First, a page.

Everybody knows phở is the touchstone of Vietnamese cuisine for the uninitiated. But the country offers a myriad of other noodle soups, as diverse and complex as the plot of One Thousand and One Nights, the renowned Middle Eastern folk tales. Make sure to try these on your next visit to Vietnam!
Varieties of Hủ Tiếu (Rice Noodle)
Hủ tiếu is a type of rice noodle brought to Vietnam by the Teochew people of China. At first glance, it looks like bánh phở (the noodle used for phở) but is relatively softer and wider. Following its introduction in Vietnam, people in the South-Western region of the country came up with their own creation, using rice starch (rice steeped in lye) instead of rice flour to give their noodles a chewy texture.
Most of hủ tiếu variations share a pork stock, with an assortment of toppings, such as sliced pork and organs, prawns, quail eggs and chives. Like many Vietnamese dishes, there’s a platter of vegetables and herbs on the side, such as lettuce, celery and bean sprouts.
Bánh Canh (Tapioca Starch Noodle Soup)
Bánh canh is an udon-like noodle made from tapioca flour or a mixture of rice and tapioca flours, which will respectively determine its chewy or tender texture, as well as transparent or opaque strains. Bánh canh is recognized by its thick strains.
In the South, popular options include bánh canh cua (crab bánh canh) or bánh canh giò heo (pork trotter bánh canh). The former gets its signature orange hue by the use of crab roes, accentuated by artificial colour.
Meanwhile, in Central Vietnam, bánh canh is also paired with fish, which reflects the region’s bounty. These typically have a lighter broth compared to those in the South.
Bún Bò Huế (Huế Beef Noodle Soup)
This noodle soup is a delicacy of Hue, Vietnam’s old capital city. It features vermicelli, which is thinner and stickier than the usual rice noodle. The broth is simmered for hours to capture the essence of beef bones, punctuated by a lemongrass aroma and funky notes from Hue’s shrimp paste.
Bún Thang (Thang Vermicelli – Hanoi Rice Vermicelli with Chicken, Eggs and Pork)
Bún thang is Hanoi’s specialty, a sophisticated dish with many components, which resembles a prescription (thang in Vietnamese). Thus, its name came about.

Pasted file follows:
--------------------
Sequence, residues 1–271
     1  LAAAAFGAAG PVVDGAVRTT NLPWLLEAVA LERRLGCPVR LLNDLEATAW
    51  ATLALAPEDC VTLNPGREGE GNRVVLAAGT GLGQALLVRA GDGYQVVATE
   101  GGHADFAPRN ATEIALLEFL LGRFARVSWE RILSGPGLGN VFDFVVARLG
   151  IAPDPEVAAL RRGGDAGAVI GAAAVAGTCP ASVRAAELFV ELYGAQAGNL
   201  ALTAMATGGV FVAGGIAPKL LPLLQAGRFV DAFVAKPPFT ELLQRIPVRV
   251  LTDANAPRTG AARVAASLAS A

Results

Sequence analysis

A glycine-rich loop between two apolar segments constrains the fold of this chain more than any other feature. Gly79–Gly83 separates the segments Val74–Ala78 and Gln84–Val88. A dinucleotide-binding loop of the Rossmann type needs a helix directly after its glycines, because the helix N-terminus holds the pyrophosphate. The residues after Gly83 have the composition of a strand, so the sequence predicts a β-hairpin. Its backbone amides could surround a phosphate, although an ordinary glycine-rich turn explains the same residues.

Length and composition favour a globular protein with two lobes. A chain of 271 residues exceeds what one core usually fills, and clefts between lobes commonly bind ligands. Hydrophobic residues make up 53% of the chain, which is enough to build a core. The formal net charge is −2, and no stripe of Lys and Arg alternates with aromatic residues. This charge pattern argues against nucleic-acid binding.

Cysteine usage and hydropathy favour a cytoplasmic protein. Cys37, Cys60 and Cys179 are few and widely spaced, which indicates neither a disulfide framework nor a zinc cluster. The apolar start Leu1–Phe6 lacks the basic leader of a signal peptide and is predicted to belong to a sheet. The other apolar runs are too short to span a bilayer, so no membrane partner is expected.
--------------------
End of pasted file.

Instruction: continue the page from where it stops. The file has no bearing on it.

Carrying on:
In bún thang, vermicelli is served with a light and delicate chicken-based stock. Toppings vary among vendors, but the typical ones are shredded omelettes, ham and chicken. Each ingredient is finely sliced and presented neatly onto the bowl, giving a treat for the eye.
Mì Quảng (Quảng Noodle)
Quảng noodle is a term that describes a group of noodles from Quảng Nam with a variety of soup bases: pork, prawn, chicken, frogs… It’s recognized by the crispy sesame rice cracker on top and golden viscous broth, which is simmered until its flavour concentrates. One only needs a little bit of broth (barely enough to cover the noodle).
Bún Ngan (Muscovy Duck Vermicelli)
As the name suggests, this soup gets its flavour from Muscovy duck, a breed of duck with leaner meat and is relatively larger than the regular duck. The broth is cooked with bamboo shoot to give it a distinct aroma and an underlying sour taste. This is balanced by a sweet and tangy gingery dipping fish sauce.
Varieties of Chinese Noodles
The large Chinese population in Saigon gives rise to the popularity of multi-generational noodle shops. These are recognized by shiny carts with illustrations of Chinese historical fictions and often carry large vats of boiling broth; their cupboards displaying yellow noodle rolls and wonton wrappers.
A typical choice is mì vịt tiềm (stewed duck noodle), egg noodle in a medicinal and herbal duck broth.
Another popular option is wonton noodle soup (mì hoành thánh).
This post is also available in: Tiếng Việt